Covid 19 guidance for tenants
Property access and health and safety obligations for Tenants – Summary
- Landlord obligations have not changed, tenants continue to have a right to a decent, warm and safe place to live
- Tenants should work with their Landlord and use a pragmatic and common sense approach to problems
- Tenants should allow landlords or people doing repairs access to the property whilst maintaining a 2m distance at all times. This may mean having to be in a separate room.
- Avoid moving if possible
- If you think you have the virus tell anyone you share the property with and follow government guidance on social isolating.
- If someone in the property has the virus the landlord is not obliged to provide alternative accommodation.
The Government has produced non-statutory guidance for landlords and tenants in the private and social rented sectors on property access and health and safety obligations in the context of Coronavirus (COVID-19) restrictions
Property access and health and safety obligations
The Government is asking everyone to do all they can to help stop coronavirus spreading and has published advice on maintaining strict separation from others wherever possible during this unprecedented time. You can see the latest Government guidance on Coronavirus here www.gov.uk/coronavirus.
As part of the national effort to respond to the COVID-19 outbreak it’s vital that local authorities, landlords and tenants work together to keep rented properties safe. It has never been more important that landlords and tenants take a pragmatic, common-sense approach to resolving issues. Tenants should let their landlords know early if there is a problem and landlords should take the appropriate action.
Stroud District Council is taking a pragmatic approach to enforcement, as recommended by the Government. This means that tenants who are living with serious hazards that a landlord has failed to remedy can still be assured of support. In addition, landlords will not be unfairly penalised where COVID-19 restrictions prevent them from meeting some routine obligations.
What does this mean for repairs in my home?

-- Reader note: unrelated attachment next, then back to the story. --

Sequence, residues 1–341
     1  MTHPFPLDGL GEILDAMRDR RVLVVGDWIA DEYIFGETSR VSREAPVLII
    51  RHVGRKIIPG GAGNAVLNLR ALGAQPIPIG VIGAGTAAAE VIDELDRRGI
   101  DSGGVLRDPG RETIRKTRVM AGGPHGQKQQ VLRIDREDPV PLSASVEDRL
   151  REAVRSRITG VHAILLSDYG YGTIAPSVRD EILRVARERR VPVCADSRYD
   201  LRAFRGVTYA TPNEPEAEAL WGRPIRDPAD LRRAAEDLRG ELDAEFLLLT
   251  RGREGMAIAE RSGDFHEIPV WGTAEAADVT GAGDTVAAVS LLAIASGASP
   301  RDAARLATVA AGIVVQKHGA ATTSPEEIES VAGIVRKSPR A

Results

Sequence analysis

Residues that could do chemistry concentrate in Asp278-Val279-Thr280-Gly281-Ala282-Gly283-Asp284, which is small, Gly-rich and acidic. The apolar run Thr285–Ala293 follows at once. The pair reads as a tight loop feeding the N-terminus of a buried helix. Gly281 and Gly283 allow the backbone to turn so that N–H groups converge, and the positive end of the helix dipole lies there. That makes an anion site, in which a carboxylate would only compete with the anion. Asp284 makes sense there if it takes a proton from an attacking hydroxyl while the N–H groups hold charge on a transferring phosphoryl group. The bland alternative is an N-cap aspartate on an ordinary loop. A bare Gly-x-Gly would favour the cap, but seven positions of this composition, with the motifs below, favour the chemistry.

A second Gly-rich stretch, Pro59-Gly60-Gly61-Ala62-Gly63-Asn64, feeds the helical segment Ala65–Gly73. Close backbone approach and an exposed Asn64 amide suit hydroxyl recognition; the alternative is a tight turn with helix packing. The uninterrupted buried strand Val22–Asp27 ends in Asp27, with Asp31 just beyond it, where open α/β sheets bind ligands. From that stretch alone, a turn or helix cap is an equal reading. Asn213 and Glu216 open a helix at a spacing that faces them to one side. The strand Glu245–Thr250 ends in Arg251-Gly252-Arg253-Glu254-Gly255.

- Landlords’ repair obligations have not changed. Tenants have a right to a decent, warm and safe place to live
- Good management requires regular review and maintenance of a property, but we understand that planned inspections may be more difficult at this time.
- You should inform your landlord early and engage constructively in the event that there are problems with your property, and the effect of current restrictions should be considered.
- Please apply common sense to non-urgent issues
What if my boiler breaks, or something else happens which is an urgent risk to my health?
- Where reasonable, safe for you and in line with other Government guidance, we recommend that you allow landlords or contractors access to your property in order to inspect or remedy urgent health and safety issues.
- Urgent health and safety issues are those which will affect your ability to live safely and maintain your mental and physical health in your home. This could include:
− Structural problems, for example the roof is leaking
− The boiler is broken, leaving you without heating or hot water
− There is a plumbing issue, meaning you don’t have washing or toilet facilities
− Where provided by the landlord, the fridge or washing machine have broken
− A broken window or external door has made your home insecure
− If equipment a disabled person relies on requires installation or repair